Abstract for: Understanding Humanitarian Supply Chain Logistics with System Dynamics Modeling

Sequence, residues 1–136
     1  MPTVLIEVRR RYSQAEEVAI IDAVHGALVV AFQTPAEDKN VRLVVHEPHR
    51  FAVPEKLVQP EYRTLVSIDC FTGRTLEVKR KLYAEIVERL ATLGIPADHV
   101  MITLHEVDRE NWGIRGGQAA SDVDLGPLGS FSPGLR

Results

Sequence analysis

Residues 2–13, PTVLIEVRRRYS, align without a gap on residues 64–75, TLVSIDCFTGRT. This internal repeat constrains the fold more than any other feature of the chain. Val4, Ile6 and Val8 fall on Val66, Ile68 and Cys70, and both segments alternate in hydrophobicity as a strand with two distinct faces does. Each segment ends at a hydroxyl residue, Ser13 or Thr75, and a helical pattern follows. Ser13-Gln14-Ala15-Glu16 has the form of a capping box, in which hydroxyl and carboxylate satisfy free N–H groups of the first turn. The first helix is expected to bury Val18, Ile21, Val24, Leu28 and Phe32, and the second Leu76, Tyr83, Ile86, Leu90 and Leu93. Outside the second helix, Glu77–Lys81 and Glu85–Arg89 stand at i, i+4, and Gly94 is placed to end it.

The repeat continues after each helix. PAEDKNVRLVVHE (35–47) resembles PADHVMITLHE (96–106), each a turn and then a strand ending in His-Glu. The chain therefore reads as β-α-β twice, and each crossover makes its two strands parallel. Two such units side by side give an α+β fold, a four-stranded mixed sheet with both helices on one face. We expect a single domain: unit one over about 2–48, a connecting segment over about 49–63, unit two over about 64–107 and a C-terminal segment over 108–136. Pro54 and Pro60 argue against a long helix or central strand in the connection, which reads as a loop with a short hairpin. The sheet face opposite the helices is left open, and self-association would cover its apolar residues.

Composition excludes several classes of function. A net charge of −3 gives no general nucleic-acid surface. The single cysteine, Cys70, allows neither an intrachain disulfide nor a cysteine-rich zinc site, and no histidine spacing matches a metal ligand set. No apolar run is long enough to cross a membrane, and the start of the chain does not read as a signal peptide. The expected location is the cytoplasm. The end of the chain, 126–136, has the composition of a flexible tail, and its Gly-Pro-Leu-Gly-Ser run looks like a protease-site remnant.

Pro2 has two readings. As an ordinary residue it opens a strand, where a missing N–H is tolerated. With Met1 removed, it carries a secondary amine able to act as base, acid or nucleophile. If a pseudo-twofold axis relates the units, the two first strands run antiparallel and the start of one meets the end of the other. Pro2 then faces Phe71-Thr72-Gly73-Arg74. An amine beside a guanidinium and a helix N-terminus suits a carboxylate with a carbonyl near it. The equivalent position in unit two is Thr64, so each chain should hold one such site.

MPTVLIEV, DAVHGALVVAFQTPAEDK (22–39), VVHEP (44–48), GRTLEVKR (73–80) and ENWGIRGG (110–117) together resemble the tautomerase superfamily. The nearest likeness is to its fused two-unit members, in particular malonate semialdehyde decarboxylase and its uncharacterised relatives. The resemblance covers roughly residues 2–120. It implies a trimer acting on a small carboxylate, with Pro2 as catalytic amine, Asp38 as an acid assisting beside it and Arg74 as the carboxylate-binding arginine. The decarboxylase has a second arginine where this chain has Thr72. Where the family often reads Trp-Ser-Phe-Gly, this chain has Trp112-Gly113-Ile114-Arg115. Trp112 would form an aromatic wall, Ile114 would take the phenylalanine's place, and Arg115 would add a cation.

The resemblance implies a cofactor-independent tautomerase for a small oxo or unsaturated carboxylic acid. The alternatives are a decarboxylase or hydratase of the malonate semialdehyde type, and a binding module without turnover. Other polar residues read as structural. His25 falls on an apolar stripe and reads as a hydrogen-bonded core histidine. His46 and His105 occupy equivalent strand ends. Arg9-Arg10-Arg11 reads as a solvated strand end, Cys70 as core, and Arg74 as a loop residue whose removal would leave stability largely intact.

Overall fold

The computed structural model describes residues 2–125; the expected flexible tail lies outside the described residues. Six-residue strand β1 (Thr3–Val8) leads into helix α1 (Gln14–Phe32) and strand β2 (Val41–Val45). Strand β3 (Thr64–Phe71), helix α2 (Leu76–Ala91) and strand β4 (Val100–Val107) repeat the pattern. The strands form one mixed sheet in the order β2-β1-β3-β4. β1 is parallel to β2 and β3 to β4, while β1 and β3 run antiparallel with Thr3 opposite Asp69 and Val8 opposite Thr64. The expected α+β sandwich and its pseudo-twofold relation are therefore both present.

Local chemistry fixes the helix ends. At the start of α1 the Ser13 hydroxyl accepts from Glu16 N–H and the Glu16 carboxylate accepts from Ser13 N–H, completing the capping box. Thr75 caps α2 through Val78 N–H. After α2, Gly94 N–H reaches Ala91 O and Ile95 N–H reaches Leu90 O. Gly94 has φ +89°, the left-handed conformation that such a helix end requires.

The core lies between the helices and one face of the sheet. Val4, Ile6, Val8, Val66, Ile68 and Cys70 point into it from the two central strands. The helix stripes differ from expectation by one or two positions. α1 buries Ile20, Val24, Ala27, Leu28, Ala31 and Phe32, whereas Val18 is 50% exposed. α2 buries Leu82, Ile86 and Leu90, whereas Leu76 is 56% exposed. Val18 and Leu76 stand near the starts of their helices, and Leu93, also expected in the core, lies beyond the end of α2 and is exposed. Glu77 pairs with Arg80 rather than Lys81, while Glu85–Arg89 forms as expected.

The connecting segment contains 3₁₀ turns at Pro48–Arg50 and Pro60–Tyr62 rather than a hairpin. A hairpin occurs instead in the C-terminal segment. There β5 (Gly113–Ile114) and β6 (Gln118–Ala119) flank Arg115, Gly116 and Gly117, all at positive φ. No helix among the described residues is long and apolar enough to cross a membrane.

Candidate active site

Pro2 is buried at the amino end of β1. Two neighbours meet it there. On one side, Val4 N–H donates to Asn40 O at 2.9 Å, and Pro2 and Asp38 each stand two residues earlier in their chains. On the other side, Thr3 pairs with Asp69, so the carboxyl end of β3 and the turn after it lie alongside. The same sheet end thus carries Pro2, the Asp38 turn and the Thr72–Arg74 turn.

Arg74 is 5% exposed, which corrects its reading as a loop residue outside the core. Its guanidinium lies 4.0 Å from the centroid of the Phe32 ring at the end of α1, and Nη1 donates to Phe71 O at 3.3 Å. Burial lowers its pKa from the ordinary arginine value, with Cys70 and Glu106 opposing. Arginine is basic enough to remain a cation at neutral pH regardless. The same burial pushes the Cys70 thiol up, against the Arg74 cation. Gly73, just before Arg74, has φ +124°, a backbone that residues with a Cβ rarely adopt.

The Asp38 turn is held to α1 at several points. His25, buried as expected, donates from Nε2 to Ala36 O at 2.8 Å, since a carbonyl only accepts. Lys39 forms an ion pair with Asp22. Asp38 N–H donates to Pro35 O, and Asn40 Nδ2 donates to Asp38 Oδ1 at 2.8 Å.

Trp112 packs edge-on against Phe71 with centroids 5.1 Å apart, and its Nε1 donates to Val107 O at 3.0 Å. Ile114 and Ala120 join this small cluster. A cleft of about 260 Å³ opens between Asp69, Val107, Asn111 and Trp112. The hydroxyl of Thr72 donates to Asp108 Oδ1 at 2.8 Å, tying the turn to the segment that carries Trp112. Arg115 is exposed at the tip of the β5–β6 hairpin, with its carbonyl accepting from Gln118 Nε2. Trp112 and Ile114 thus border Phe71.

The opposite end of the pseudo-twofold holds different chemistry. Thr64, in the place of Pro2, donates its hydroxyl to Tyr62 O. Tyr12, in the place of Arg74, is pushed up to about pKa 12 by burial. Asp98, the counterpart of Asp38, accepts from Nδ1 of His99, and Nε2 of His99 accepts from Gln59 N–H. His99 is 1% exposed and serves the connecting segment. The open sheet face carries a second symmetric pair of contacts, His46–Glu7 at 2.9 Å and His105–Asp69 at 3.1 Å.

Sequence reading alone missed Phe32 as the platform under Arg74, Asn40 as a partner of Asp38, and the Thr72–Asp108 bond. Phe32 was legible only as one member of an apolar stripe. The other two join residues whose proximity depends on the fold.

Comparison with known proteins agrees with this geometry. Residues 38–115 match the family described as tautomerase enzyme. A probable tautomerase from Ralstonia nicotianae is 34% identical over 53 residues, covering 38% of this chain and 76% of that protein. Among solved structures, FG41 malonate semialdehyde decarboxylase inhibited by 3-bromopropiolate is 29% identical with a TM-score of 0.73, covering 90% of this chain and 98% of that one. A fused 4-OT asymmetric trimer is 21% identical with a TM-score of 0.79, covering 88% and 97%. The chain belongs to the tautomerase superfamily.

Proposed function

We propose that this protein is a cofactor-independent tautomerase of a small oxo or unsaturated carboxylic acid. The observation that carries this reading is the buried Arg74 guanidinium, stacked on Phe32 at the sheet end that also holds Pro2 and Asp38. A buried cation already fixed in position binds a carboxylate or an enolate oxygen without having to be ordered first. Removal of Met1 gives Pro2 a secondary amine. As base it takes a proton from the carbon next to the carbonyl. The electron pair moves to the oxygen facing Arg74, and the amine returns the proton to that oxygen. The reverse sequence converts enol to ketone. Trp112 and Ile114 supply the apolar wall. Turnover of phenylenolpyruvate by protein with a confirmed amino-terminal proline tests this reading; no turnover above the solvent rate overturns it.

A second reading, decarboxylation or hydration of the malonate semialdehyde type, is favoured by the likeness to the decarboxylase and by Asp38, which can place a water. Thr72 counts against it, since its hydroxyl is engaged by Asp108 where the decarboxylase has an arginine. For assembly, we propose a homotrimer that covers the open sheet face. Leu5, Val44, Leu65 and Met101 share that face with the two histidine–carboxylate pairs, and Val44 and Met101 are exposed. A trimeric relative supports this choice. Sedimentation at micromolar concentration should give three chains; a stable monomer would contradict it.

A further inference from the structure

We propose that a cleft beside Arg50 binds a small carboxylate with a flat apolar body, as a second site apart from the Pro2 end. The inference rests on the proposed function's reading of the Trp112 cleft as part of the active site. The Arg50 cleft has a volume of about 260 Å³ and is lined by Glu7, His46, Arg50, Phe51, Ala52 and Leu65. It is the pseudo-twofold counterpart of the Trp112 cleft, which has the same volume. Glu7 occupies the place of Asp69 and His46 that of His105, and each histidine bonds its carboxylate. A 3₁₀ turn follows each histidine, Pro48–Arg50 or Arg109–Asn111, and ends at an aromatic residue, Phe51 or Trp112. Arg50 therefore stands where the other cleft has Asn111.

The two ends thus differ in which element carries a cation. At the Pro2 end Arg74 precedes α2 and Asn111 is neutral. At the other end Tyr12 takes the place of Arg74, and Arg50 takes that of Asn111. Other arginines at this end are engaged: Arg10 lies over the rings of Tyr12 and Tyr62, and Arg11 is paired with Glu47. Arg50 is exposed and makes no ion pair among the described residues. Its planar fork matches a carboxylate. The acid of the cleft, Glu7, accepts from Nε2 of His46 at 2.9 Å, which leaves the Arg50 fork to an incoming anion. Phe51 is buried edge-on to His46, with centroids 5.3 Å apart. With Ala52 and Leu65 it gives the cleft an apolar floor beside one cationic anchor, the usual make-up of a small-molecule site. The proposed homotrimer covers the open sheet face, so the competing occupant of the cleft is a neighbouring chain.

We use system dynamics to explore the short-term humanitarian response to a natural disaster that prompts a rapid influx of relief supplies, aiming to understand the dynamics of systemic processes that apply to humanitarian supply chain logistics. The most important stock in our model was the Cumulative Food distributed to disaster victims. In all of our simulation runs, victims eventually got all the food they needed, but at varying speeds. However, the most problematic stock was the amount of Food in the Central Warehouse. In almost all the runs, that stock contained an excess of food, resulting in waste and inefficiency. This problem was worst when the agency panicked at the outset and doubled its estimate of needed food, and when, as is often true, the agency received too many in-kind donations of food. The most interesting finding was that “managing” donations led to the best overall performance--low waste and good relief for victims. We offer a number of policy recommendations, including the need to avoid early bias, to repair infrastructure as quickly as possible, to develop better methods for keeping track of inventories and supplies on the way, and to strike a balance between encouraging and dampening donations.